The servant who announces you, hands you a small envelope on which is written your name. This incloses a card on which is the name of the lady whom you are to take in to dinner. After exchanging greetings with your hostess and removing your gloves, you should endeavor to find your partner and engage in some preliminary conversation. Should you not have been presented to her, inform your hostess of this fact, and you will be at once introduced. Dinner is announced by the butler entering the drawing room and saying, “Dinner is served.” The host leads the way with the woman guest of honor, and you are assigned your place in the procession by the hostess, who comes last with the man guest of honor. Each man offers his right arm to his fair partner. In the dining room, cards are placed at each cover with the names of the guests inscribed thereon. Even should there be a retinue of servants, pull back the chair of your partner and assist her to seat herself. In some old-fashioned houses grace is said, and it is always the rule when a clergyman is one of the guests. This blessing is asked after the company is seated.

During dinner you must devote yourself to the comfort and entertainment of the woman whom you have taken in. She must be your first care, although there may be some one on your other side, or opposite, who is more congenial to you. Talking across the table is very bad form. Let your conversation be pleasant and general, but avoid politics, religion, and personal criticisms.

There is no form for refusing wine, if it is against your scruples to drink it. Do not thus force your personal prejudices on your host by making any demonstration, such as putting your finger over the glass or shaking your head at the butler. Let him fill your glasses, but do not drink the contents. The question of waste is not to be considered; and if you are a man with firm principles regarding total abstinence, in your heart you should rejoice that at least a quota of the fluid will do no harm.

The hostess gives the signal at dessert for the ladies to retire to the drawing room. Everybody rises, and the ladies leave the table in solemn procession, the man nearest the door opening it for them. A prettier custom, and one much in vogue in New York, is the escorting of the ladies by the men to the drawing room, the host leading the way. When the drawing-room door is reached the men bow and retire again to the dining room, where coffee, liqueurs, and cigars are served. At the end of a half hour they return to the drawing room. Another half hour of conversation, during which sometimes there is dancing, and the guests make their adieus to their hostess and host and leave. On bidding good-night, always assure your hostess of the pleasant evening which you have enjoyed.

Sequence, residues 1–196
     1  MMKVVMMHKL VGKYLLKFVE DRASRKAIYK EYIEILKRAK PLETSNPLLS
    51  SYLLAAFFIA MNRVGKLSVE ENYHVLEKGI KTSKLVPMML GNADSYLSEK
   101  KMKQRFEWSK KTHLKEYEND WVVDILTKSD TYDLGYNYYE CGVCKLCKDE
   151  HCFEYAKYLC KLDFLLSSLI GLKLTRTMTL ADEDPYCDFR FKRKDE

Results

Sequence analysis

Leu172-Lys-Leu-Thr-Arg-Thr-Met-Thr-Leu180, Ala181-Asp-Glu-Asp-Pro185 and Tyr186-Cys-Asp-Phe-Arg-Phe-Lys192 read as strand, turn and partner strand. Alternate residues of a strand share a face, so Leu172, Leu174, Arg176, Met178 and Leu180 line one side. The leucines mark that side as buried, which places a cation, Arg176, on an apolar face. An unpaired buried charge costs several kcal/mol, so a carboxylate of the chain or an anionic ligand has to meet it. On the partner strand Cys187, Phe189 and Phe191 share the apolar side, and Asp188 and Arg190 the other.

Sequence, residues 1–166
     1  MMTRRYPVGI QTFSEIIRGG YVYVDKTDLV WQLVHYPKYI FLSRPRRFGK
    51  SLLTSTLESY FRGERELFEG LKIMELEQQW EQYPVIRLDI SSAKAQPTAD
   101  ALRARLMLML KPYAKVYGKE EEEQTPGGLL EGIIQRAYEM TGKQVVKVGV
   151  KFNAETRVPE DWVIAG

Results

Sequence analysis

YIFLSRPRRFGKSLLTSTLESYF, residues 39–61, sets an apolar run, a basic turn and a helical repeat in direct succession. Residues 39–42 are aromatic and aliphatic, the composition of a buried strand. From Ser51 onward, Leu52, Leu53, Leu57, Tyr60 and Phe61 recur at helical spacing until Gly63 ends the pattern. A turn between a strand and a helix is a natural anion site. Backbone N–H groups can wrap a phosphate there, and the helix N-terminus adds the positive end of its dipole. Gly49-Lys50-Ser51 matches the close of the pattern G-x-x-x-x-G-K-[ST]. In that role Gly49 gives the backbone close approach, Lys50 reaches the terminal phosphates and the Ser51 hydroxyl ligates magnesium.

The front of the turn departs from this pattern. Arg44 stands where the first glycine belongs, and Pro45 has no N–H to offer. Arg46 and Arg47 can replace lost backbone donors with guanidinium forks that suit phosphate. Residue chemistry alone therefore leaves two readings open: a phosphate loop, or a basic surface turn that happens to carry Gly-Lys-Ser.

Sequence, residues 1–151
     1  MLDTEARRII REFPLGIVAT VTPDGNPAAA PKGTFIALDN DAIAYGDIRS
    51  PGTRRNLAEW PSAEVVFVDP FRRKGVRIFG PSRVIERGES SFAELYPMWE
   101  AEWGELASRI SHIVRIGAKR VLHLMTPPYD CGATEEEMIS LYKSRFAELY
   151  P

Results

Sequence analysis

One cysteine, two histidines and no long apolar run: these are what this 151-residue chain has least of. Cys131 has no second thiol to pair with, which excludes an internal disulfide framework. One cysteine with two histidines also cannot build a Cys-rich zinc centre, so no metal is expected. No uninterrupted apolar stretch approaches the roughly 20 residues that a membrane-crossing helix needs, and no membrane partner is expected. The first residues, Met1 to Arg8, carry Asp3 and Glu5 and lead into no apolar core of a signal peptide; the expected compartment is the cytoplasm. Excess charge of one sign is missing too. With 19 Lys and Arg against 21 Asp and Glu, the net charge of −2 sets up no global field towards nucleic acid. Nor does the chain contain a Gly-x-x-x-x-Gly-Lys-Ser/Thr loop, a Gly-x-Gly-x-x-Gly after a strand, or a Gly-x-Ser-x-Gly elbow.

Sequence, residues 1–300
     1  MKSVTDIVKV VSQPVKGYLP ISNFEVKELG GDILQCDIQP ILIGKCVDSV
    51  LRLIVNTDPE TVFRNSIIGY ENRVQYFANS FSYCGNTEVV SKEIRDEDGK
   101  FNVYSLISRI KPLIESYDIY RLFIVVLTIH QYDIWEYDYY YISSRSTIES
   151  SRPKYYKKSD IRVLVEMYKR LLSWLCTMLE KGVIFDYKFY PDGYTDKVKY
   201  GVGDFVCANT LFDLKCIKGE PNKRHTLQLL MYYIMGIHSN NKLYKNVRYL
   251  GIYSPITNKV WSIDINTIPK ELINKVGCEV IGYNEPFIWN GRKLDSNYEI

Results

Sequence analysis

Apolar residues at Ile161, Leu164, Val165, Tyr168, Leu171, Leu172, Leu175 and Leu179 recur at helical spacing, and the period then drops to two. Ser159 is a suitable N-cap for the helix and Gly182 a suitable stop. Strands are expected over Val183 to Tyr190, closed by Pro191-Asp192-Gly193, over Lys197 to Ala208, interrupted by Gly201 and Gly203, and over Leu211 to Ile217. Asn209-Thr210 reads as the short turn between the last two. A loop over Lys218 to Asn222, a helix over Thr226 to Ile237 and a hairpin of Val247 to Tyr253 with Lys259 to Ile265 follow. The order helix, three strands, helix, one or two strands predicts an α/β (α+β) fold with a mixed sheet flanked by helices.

Progressive dinners are sometimes given, although now almost obsolete. Small tables are arranged for these with parties of four or six at each table. The guests change places at each course, the signal for this being given by the hostess ringing a bell. The ladies remain in their seats. As there will not be a fresh napkin provided at each course, a man brings his with him from his first table.

Public dinners, except when given by certain church, debating, or literary societies, are stag affairs. The guests assemble at the restaurant, hotel, or hall where the banquet is to be held, and deposit their hats, coats, and walking paraphernalia in the cloakroom. A ticket is given with the number of your rack upon it, and a small fee usually twenty-five cents is expected. The guests assemble in one of the smaller drawing rooms, and each one is handed a plan of the tables with the location of his cover designated by his name upon it. A procession is formed, the guests of honor and reception committee leading, to the banquet hall. After dessert, speeches are in order.

Dinner dances are a form of entertainment where dinner is followed by a dance, other guests coming in from other dinner parties and meeting at one house which has been agreed upon as the place where the dance is to take place. A short time after dinner, at each of the other houses, the guests are conveyed therefrom in carriages, or, better yet, in stages, to the general rendezvous. Calls are due within the week at the house where you have dined as well as at the one at which you have danced.

Supper etiquette differs but little from that observed at dinners. The occasion is a bit more informal and the menu not so elaborate. The etiquette of ball suppers is treated in the chapter on The Dance, and suppers after the play, at restaurants and clubs, being favorite bachelor entertainments, will be explained in that part of this book reserved for the Bachelor as Host.